The focus of deals has mostly been around energy, oil and gas, renewable energy and infrastructure sectors. This has been led by the drive for economic development across the region and the war in Ukraine. The latter has created huge movement in the sector, and we are now seeing significant investment into Latin America from global private equity houses, who see the region as a hedge against faltering economies in Europe. The shift away from gas, driven by the war in Ukraine, is leading private equity money to invest even more heavily in renewable energy sources including solar, wind and geothermal energy, and they are particularly interested in those type of investments in this region.

As the M&A market in the region matures we are seeing significant growth in the use of representations and warranties (R&W) insurance. While it is starting from a low base, the number of submissions this year suggests that there is more confidence about the product and how it can improve the efficacy of deals.

Naturally, uncertainty and volatility, both globally, and within the context of the changeable Latin American political scene, concerns investors, and this is also helping to drive the take-up of R&W insurance. International investors, particularly, are keen to protect themselves against uncertainty when they do deals in the region, and look for cover as part of their deal planning.

The Use of The R&W Product

The M&A process in Latin America differs to that in the US and Europe. The deal tends to move at a slower pace and there is a much lengthier process from engagement to sign off. The recent surge in US-based Spanish-speaking brokers focused on the Latin American market has allowed further understanding of the market and M&A activity within it.

Up until a few years ago the R&W product was very much unknown in the Latin American M&A market. Buyers and sellers need to cover risks through standard indemnity policies or put aside funds in escrow accounts for any cover that they required. However, the use and understanding of the product has grown significantly for several reasons.

Firstly, we are seeing a number of private equity houses entering the Latin American market in the renewables space, and these are currently driving considerable growth in R&W use. For them, buying cover means that they do not have to price in the risk up front on a deal or place a portion of sale proceeds into escrow, as they would traditionally have had to do in this region. Culturally, they prefer to work with R&W insurance, rather than escrow options.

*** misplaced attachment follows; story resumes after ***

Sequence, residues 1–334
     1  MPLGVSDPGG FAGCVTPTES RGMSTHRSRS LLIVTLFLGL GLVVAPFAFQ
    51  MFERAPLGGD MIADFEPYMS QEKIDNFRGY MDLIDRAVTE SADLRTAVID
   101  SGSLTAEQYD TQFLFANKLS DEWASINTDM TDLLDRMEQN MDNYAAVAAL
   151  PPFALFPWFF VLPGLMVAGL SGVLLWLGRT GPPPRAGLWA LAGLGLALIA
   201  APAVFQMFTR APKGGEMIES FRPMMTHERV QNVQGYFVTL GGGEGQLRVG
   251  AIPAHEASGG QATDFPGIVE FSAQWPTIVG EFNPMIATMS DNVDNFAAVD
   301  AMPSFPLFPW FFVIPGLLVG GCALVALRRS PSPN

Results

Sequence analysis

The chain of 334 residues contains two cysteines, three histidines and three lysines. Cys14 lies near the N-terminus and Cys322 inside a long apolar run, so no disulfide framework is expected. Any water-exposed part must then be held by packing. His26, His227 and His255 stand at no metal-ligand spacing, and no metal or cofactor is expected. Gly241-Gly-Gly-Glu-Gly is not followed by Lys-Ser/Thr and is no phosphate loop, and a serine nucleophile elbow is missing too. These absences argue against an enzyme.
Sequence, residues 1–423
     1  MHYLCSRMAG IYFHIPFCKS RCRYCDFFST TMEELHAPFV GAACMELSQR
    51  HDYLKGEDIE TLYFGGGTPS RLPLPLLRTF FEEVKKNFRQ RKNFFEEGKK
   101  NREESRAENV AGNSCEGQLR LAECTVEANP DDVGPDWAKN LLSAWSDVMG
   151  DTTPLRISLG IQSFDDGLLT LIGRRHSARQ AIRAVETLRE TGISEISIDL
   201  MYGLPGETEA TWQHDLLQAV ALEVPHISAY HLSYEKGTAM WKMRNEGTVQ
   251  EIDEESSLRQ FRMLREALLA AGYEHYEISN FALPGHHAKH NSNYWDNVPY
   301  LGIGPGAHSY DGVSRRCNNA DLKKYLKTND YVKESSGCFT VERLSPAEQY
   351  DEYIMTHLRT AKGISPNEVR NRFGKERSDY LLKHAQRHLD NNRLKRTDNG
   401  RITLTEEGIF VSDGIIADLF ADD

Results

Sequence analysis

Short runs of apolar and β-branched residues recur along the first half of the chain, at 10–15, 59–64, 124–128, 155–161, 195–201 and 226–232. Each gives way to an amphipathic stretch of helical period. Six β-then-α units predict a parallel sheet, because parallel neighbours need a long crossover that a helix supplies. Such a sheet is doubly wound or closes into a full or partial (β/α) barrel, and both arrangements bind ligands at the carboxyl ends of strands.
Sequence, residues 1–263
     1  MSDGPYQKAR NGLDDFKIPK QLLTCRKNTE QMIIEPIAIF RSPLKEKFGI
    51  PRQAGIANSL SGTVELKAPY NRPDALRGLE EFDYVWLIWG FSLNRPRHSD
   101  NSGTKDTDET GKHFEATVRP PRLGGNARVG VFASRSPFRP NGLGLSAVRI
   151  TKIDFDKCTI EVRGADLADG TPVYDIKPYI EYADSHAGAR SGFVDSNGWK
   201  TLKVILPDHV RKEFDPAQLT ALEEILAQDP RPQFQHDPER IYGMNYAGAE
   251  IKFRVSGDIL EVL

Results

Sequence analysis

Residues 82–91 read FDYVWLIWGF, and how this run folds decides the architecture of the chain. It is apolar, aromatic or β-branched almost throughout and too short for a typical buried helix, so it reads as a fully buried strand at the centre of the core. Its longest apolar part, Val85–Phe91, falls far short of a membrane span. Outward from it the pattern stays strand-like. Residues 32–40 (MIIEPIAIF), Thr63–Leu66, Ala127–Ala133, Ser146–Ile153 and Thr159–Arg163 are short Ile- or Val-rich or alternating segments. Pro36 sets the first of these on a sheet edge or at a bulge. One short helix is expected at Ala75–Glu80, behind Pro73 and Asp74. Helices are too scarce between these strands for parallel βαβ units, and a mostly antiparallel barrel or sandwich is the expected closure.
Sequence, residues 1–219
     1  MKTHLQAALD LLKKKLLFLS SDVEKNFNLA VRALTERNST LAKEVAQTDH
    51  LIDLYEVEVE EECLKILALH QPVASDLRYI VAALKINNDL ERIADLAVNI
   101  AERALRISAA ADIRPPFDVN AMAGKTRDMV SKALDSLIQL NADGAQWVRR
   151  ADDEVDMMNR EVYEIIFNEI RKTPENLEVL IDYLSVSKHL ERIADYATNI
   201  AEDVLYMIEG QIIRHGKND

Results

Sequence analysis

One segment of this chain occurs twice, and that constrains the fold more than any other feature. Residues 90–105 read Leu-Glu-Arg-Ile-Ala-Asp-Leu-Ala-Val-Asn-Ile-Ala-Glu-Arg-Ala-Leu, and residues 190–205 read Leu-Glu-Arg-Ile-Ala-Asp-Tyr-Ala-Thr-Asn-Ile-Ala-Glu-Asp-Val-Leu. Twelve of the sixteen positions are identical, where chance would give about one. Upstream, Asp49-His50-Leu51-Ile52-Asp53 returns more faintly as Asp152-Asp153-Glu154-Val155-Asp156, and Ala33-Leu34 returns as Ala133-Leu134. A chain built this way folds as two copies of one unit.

The structure is also changing. With a number of native speakers being recruited, much more insurance business is now conducted in local language, with due diligence, agreements, financial statements and underwriting calls all written in Spanish. Previously almost all cover was written out of London in English, with a small proportion coming from Spain, but very little done locally. The arrival of local expertise has helped to bridge the cultural gap with lawyers and corporate finance advisers who are now starting to understand the R&W product and where it can fit within their legal and due diligence requirements. Their confidence around the product has grown and they now feel encouraged to recommend it to their clients.

As a result of all these changes, we are very likely to see a continued boom in the M&A market in Latin America and with that a growth in the number of submissions. It is worth bearing in mind that while there has been a considerable uptick in the use of the cover, the R&W market in Latin America still lags behind the US and Europe, but we expect that use will grow exponentially over the coming years simply because the growing size of the middle class, desire for better services and infrastructure and relatively strong growth fundamentals are appealing to those looking to invest in the region.